Amon Carter print details

Rev. Peter Jones (Kahkewaquonaby)

David Octavius Hill (1802-1870), Robert Adamson (1821-1848)

Object Details

  • Date


  • Object Type


  • Medium

    Salted paper print

  • Dimensions

    Image: 8 x 5 7/8 in.
    Mount: 16 15/16 x 14 in.

  • Inscriptions


  • Credit Line

    Amon Carter Museum of American Art, Fort Worth, Texas

  • Accession Number


  • Copyright

    Public domain

Object Description

Peter Jones, also known as Kahkewāquonāby, spent the first 14 years of his life with his Mississauga Ojibwe mother, and then moved to live among Canadian settlers with his Euro-American father and Mohawk stepmother. After converting to Methodism at 21, he became an important leader, preacher, translator, and fundraiser. Elected a Mississauga chief in 1829, Jones spent decades ensuring the future of his people, whose population and land had dwindled precipitously. In many ways he was successful, establishing the Mississaugas of the Credit First Nation on land they still inhabit, but he was and remains a controversial figure among Ojibwe for his promotion of Christianity and European values.

Jones often toured Europe to fundraise for the Canadian Methodists and drew huge crowds, although he resented being treated as an exotic curiosity instead of a fellow Christian. Images, including this one, of him taken in Edinburgh on his 1845 trip are the oldest surviving photographs of an Indigenous North American.

—Text taken from the Carter Handbook (2023).

Educator Resources
  • What is a portrait?

    What artistic choices does a photographer make when creating a portrait?

    What is the relationship between one’s portrait and one’s identity?

    How do works of art reflect and impact the history of those who identify as Black, Indigenous, or people of color in the United States?

  • How would you describe the person you see here? What is his pose? What is he wearing? What objects does he have? What is the setting? What clues do we have that this is a planned portrait?

    What is a portrait? What purpose does it serve? What makes a portrait successful?

    The man in this photograph is Reverend Peter Jones (Kahkewāquonāby in Ojibwa), a chief in the Mississauga Ojibwa tribe. He was well-known during his life as a Methodist minister and translator of Christian texts to Ojibwa. This photograph was taken during a fundraising tour in Great Britain in 1845, where Revered Jones gave speeches and sermons to raise funds for the Methodist Church.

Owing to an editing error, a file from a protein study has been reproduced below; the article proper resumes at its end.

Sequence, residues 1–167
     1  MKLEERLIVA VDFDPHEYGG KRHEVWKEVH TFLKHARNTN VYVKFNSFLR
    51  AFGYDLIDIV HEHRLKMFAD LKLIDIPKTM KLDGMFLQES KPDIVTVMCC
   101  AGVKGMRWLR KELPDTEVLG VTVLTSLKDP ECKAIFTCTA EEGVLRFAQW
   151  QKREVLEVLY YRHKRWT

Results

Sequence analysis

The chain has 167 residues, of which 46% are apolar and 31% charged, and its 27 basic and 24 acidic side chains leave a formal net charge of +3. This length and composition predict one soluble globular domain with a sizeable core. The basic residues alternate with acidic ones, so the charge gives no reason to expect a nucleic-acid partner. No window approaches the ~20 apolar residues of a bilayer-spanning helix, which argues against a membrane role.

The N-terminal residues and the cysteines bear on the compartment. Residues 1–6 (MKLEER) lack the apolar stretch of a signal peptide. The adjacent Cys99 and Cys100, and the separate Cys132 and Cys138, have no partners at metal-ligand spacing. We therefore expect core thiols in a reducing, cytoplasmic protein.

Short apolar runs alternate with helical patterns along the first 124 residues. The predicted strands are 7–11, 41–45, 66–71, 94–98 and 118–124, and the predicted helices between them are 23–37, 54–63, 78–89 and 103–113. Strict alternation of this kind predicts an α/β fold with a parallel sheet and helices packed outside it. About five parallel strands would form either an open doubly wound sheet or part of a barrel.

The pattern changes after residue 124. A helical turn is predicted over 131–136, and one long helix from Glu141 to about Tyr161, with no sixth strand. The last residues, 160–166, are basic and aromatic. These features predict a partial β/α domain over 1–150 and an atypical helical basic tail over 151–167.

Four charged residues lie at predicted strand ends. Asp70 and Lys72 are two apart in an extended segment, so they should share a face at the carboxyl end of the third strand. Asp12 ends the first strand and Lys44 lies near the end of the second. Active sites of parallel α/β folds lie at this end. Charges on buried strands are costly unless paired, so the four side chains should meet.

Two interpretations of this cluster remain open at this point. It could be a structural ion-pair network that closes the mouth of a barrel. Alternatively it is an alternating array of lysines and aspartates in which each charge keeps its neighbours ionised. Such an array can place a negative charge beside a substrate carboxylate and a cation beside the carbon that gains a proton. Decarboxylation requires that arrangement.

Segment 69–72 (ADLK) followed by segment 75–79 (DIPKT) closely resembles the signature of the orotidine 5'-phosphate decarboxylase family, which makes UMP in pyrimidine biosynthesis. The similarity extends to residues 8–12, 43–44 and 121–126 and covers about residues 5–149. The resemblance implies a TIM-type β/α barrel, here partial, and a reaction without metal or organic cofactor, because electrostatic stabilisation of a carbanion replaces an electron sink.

What do you believe we can learn about Reverend Jones from this portrait? What artistic choices were made to create such impressions? Think back to a time you had your portrait taken. What choices did you make in creating the image? Were there choices that the photographer made? In this portrait, we know that this was an outfit that Reverend Jones wore for his speaking tour. But it’s unclear who selected the setting, props, and pose. What effect might that information have on our interpretation of the image?

    How do you believe this photograph impacts our understanding of Reverend Jones as a historical figure? Are there elements of his identity not apparent in this image?

    What are the benefits of a photographic portrait like this one? What are the limitations?

    What events in American history involving Native populations were happening around the time of this photograph? How might that history have impacted the creation of this photograph at the time it was made? What impact might this image have on viewers’ understanding of that history today?

  • Grades 5–12

    Have students research Reverend Peter Jones (Kahkewāquonāby) and study other portraits of him. Ask students to select one of the other portraits to compare with Hill and Adamson’s photograph. Students should create a graphic organizer or essay response identifying the different strategies utilized in each portrait and their resulting effects.

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